Since joining the World Trade Organization fifteen years ago, China has greatly broadened its economic engagement with Europe and other parts of the world. Chinese foreign direct investment (FDI) in Europe has shifted in recent years from natural resources to services and consumer goods in developed market economies. However, asymmetrical market access is a growing concern for the EU, given that Chinese investment in Europe is expanding in economic sectors that are not open to foreign investors in China.
Carnegie–Tsinghua’s Shi Zhiqin moderated a discussion between Xavier Richet and Chen Xin on how Chinese outbound FDI is shaping market conditions in EU member states as well as Chinese firms’ efforts to integrate into global value chains. This event was co-sponsored by the Tsinghua University Sino-French Research Center.
- Steady Growth of Chinese FDI: Panelists attributed the gradual increase in Chinese investment in Europe to a variety of incentive structures, such as the quest for strategic assets—advanced technology, new knowledge, and well-regarded brands—as well as overseas markets in the face of increasingly stiff domestic competition. In a bid to integrate themselves into international value chains, some Chinese firms have also become stakeholders in foreign companies, which allows them to absorb new management practices and industry knowledge. However, participants added, for many Chinese firms, becoming internationally competitive remains an ongoing challenge.
- Stakeholders and Their Objectives: One panelist identified three types of investors that have driven the surge in Chinese investment: state-owned enterprises (SOEs), publically traded corporations, and privately owned small- and medium-sized enterprises. State-owned firms have distinct advantages over private firms in terms of market access, research and development, and financing. According to speakers, SOEs generally enter the market through mergers and acquisitions, seeking strategic assets, such as infrastructure and utilities, key technologies, and natural resources. Corporations are interested in such assets as well, but they are also concerned with integrating into supply chains and acquiring respected brand names.
- Diversifying Investments in Europe: Speakers observed that the majority of regional Chinese investment flows into Western European countries that joined the EU relatively early. In such countries, investors can access larger consumer markets, advanced technology, and favorable currency exchange rates. From 2000 to 2014, over half of cumulative Chinese FDI to Europe targeted France, Germany, and the United Kingdom. Panelists noted, however, that the geographic scope of Chinese investment is slowly diversifying to include new EU member states and countries in the Balkans. According to speakers, these new destinations offer advantages such as lower labor costs, growing markets, and fewer regulations, which make the region well-suited for export manufacturing.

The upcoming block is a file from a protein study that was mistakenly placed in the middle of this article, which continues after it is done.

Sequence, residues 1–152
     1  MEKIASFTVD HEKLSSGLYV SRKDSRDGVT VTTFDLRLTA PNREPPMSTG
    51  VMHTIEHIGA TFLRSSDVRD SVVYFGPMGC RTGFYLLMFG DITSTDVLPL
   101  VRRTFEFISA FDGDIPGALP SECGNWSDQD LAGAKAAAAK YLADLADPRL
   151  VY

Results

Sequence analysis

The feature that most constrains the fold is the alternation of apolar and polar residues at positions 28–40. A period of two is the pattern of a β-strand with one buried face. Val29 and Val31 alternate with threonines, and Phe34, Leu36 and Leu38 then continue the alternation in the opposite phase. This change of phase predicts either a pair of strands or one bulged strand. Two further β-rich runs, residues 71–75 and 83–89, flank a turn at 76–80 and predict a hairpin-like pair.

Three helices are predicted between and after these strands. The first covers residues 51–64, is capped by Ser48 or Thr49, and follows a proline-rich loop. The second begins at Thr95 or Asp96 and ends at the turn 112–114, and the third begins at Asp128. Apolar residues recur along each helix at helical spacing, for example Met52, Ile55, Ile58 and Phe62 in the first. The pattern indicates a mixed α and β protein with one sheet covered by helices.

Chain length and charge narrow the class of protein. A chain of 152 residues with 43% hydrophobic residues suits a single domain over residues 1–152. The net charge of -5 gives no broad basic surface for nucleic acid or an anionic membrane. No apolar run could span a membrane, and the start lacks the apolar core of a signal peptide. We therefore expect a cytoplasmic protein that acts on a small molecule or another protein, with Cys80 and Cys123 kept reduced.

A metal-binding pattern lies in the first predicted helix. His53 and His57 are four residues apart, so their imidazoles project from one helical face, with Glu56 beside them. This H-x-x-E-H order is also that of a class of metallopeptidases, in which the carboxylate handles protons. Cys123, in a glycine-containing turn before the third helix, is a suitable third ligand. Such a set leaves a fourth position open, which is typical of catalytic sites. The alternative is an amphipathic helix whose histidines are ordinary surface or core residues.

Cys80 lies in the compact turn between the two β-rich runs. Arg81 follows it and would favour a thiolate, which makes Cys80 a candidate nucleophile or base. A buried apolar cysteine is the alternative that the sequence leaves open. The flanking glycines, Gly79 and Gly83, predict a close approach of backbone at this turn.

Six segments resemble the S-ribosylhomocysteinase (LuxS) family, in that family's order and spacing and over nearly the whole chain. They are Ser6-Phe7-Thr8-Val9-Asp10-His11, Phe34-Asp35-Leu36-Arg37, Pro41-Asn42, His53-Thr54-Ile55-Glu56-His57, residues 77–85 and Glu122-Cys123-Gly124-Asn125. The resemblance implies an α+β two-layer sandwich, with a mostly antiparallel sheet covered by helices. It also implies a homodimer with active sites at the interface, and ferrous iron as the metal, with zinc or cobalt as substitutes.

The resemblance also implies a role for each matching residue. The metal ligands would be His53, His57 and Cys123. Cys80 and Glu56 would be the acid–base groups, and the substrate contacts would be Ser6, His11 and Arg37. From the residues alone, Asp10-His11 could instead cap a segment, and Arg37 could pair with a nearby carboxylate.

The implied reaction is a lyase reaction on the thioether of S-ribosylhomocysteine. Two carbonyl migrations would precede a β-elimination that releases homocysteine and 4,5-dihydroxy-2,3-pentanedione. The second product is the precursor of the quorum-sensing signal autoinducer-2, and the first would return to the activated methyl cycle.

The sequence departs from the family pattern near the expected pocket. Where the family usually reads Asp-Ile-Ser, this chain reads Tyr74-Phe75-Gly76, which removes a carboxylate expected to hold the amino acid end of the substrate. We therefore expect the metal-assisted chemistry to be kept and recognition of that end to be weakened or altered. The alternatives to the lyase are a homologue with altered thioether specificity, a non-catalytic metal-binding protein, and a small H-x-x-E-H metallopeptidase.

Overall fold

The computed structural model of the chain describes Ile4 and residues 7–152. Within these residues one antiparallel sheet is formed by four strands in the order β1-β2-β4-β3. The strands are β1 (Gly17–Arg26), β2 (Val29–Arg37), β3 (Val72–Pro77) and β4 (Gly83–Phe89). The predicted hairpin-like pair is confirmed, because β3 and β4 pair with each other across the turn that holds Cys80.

- Investments By Sector: According to speakers, Chinese investment gravitates toward specialized, high-tech industries, although a considerable amount enters the services sector as well. One panelist reported that Chinese investors prioritize energy-related and advanced manufacturing sectors, noting that in recent years they have invested $13 billion in public utilities, fossil fuels, and renewable energy, as well as $6 billion in automobiles and $4 billion in heavy equipment. Meanwhile, Chinese investment has also provided a cumulative $3 billion in high-value-added sectors such as biotechnology and finance. More recently, Chinese investment has increasingly expanded into agricultural production and commercial real estate.
- An Uncertain Future: Speakers asserted that there are compelling economic incentives for China to continue investing heavily in Europe, although countervailing trends may inhibit such growth. One panelist pointed out that more than 60 percent of Chinese exports to the EU are component parts and other types of intermediate goods that are ultimately assembled in Europe. According to speakers, this suggests that China is already integrating into European value chains in ways that could lead to greater future cooperation. However, several panelists expressed concerns that China’s economic downturn is reducing the country’s foreign reserves, which may in turn limit Chinese overseas investments. They also noted that Europe and China have not yet finalized an investment treaty.
Shi Zhiqin is a resident scholar at the Carnegie–Tsinghua Center for Global Policy, where he runs the China-EU Relations program and the China-NATO dialogue series.
Xavier Richet is a professor emeritus of international business at the University of Sorbonne Nouvelle. He is also the co-founder and co-director of the BRICs Seminar at the Fondation Maison des Sciences de l’Homme and the School for Advanced Studies in the Social Sciences in Paris.
Chen Xin is a researcher in the Institute of European Studies at the Chinese Academy of Social Sciences.